Since the 1990s when the first electronic visitation cases began to appear, virtual visitation between children and their parents has continued to grow. In 2010, Illinois became the most recent state to legally recognize virtual visitation. Currently six other states have laws governing “electronic” or “virtual” child visitation, and 22 more have efforts underway to develop similar legislation.
Virtual visitation includes anything from instant messaging to social media to video chatting. Technology has made it easier for parents who live far from their children to stay connected and involved with their kids’ daily lives. For instance, a child may show off a lost tooth over Skype, or a parent may play a game with a child through Facebook.
According to the National Center for State Courts, an estimated 35 million children have parents who are divorced, separated or never married, and 25 percent of these kids have a parent who lives in a different city. Almost 10 million kids don’t have routine in-person contact with one of their two parents.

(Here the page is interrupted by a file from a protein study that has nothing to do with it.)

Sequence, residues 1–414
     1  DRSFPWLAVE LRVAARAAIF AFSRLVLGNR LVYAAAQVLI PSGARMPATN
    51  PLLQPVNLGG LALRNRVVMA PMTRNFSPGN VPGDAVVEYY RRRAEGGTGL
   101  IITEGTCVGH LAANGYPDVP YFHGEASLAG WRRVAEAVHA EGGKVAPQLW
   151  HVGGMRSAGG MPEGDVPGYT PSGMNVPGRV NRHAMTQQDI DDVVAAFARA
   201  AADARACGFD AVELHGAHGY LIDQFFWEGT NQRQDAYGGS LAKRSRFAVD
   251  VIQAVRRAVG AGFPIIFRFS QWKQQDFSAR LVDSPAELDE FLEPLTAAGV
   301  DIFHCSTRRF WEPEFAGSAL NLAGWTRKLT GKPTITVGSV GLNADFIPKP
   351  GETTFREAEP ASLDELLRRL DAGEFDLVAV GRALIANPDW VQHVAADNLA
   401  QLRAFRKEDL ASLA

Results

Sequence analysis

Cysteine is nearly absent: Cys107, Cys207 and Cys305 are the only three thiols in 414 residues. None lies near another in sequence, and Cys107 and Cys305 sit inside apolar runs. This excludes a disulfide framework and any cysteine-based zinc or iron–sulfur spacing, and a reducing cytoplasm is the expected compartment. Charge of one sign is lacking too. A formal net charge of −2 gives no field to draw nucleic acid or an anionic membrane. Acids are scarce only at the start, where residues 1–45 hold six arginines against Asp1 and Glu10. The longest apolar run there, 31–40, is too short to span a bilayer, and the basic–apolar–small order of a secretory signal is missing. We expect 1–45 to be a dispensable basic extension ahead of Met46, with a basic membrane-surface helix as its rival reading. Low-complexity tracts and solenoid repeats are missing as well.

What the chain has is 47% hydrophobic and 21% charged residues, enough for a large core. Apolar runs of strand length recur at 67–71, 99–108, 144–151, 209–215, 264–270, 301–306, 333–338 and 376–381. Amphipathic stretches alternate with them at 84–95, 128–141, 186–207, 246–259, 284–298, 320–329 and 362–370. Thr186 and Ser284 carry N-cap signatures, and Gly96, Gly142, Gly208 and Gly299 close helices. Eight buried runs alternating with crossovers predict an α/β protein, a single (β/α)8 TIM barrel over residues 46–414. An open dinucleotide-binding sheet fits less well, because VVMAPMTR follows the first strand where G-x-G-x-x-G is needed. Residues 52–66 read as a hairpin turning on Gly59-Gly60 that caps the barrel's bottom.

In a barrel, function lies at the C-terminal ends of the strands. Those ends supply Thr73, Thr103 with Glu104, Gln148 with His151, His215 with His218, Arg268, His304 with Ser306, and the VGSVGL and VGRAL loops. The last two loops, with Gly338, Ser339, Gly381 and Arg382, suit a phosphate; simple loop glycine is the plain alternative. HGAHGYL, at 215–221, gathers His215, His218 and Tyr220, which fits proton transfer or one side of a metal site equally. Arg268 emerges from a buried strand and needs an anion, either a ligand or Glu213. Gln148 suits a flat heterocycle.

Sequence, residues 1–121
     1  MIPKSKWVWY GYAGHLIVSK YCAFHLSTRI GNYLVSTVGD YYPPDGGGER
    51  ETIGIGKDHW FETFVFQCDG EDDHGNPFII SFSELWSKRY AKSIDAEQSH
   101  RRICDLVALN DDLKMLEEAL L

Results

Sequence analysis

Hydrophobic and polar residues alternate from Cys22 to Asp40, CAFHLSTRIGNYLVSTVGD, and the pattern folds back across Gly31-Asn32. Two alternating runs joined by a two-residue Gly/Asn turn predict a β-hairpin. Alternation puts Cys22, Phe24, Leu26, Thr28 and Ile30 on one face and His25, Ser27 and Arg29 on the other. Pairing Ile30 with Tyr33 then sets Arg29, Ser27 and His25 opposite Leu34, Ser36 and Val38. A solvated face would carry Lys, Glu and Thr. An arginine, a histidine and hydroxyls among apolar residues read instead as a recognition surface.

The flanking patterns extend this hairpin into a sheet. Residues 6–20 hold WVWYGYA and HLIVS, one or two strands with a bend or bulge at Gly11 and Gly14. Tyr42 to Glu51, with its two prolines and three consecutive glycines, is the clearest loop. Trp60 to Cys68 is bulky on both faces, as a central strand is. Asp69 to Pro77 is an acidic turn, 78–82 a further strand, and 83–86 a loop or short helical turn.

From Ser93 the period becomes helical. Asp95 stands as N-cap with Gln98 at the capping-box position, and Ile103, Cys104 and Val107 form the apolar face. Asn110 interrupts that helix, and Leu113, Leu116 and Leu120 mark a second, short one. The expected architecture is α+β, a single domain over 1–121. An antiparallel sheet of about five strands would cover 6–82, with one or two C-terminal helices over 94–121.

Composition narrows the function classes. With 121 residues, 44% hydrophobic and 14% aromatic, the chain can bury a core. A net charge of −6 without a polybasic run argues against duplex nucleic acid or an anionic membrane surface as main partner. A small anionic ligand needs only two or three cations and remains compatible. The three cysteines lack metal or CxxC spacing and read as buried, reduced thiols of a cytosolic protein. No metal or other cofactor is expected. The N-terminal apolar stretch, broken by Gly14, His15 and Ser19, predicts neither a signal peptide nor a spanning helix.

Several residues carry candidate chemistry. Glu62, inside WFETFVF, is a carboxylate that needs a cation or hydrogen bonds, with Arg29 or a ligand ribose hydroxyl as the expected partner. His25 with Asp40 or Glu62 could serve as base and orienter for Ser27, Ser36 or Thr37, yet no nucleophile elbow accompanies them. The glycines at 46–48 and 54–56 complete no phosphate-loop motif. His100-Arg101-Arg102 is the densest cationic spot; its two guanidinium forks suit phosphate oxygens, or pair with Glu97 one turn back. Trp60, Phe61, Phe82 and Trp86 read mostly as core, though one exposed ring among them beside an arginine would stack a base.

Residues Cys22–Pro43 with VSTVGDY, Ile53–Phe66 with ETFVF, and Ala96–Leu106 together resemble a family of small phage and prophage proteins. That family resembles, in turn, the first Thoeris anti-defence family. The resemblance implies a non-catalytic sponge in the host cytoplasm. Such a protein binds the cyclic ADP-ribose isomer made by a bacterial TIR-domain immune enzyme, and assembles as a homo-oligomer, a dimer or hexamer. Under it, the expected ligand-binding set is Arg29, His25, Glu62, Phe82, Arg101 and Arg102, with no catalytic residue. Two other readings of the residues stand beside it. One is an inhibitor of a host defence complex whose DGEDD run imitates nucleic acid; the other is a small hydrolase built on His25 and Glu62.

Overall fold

Courts may discuss virtual visitation as part of a comprehensive parenting plan, specifying the frequency and durations of such interactions. Virtual visitation is not a replacement for in-person visits, but used to supplement it when regular face-to-face contact is not possible.
If you are a parent facing challenges around the issues of custody and parenting time, you may want to consider virtual visitation. An experienced family law attorney can provide guidance about the different options available to allow you to meet your parenting goals.
Source: The Washington Times, Virtual visitation: a sensible child custody option, Myra Fleischer, 15 April 2012